White matter loss in the splenium of the corpus callosum in a case of posterior cortical atrophy: a diffusion tensor imaging study

Tomokatsu Yoshida, Kensuke Shiga, Kenji Yoshikawa, Kei Yamada, Masanori Nakagawa
European Neurology 2004, 52 (2): 77-81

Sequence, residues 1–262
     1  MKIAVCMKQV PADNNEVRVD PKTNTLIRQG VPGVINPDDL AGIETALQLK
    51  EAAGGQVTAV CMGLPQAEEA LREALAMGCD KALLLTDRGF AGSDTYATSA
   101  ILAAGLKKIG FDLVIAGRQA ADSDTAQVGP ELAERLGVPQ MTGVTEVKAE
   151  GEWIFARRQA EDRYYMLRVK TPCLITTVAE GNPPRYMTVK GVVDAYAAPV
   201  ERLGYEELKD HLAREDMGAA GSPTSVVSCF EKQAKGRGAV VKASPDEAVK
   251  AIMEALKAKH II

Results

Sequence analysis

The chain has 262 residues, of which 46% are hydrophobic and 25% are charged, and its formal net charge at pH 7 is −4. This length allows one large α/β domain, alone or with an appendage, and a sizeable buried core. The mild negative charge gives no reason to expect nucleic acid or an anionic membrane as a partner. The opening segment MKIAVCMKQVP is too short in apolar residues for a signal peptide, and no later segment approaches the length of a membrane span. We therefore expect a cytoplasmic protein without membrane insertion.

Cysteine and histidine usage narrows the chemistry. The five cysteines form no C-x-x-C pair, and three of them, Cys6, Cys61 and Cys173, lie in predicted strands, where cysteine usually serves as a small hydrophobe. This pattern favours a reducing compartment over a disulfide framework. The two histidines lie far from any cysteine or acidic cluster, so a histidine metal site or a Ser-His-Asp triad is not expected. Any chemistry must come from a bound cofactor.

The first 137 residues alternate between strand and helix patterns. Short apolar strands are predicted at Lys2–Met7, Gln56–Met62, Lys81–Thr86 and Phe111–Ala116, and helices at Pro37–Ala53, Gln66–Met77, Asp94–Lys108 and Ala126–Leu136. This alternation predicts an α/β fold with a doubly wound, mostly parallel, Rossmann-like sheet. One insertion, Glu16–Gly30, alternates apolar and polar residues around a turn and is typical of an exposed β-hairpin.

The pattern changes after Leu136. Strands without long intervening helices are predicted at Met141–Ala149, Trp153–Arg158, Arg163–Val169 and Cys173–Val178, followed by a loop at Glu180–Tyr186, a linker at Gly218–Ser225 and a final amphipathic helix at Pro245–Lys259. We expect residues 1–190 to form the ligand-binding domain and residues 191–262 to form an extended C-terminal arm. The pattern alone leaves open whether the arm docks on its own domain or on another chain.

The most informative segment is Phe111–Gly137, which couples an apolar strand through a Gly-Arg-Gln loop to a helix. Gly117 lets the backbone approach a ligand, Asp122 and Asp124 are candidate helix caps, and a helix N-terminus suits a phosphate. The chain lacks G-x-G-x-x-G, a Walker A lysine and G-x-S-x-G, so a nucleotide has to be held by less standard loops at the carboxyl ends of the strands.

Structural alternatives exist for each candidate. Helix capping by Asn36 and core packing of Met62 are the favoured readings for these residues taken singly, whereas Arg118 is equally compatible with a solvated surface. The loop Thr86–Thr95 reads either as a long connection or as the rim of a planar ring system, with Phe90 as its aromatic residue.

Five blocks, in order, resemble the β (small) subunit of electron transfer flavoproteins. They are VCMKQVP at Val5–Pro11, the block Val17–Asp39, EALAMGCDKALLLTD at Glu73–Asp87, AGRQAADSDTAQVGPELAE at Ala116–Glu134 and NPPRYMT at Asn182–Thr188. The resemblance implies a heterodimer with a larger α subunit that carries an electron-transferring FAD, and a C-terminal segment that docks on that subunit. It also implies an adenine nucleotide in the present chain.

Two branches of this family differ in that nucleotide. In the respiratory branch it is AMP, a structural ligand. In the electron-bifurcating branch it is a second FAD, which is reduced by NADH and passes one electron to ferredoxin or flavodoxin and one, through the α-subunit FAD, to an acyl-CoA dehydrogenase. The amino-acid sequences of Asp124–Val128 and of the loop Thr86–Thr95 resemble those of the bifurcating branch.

There have been several functional imaging studies using PET and SPECT to investigate posterior cortical atrophy (PCA). These studies have suggested dysfunction of corticocortical connections which is consistent with the occipitoparietal stream. However, there are no reports suggesting disturbance of the white matter that interconnects the temporal, parietal and occipital cortices. We measured fractional anisotropy (FA) in the genu and splenium of the corpus callosum and created color maps using diffusion tensor imaging (DTI), which is a relatively new MRI technique that allows visualization of the directionality of water diffusion, in a patient with PCA and compared these findings with those in 5 typical Alzheimer disease (AD) patients. The PCA patient was a 75-year-old man presenting with progressive complex visual disorder who satisfied the clinical diagnostic criteria for PCA. In 5 typical AD patients, the FA index in the splenium was higher than that in the genu; however, in the PCA patient, the FA index in the splenium was significantly lower than that in the genu. A DTI-based color map of the PCA patient showed reduction of anisotropy and fiber volume in the splenium. These findings suggest that the splenium of the corpus callosum secondarily degenerated due to neuronal degeneration of the temporal, parietal and occipital cortices and suggest that reduction of the FA in the splenium is one of the characteristics of PCA.

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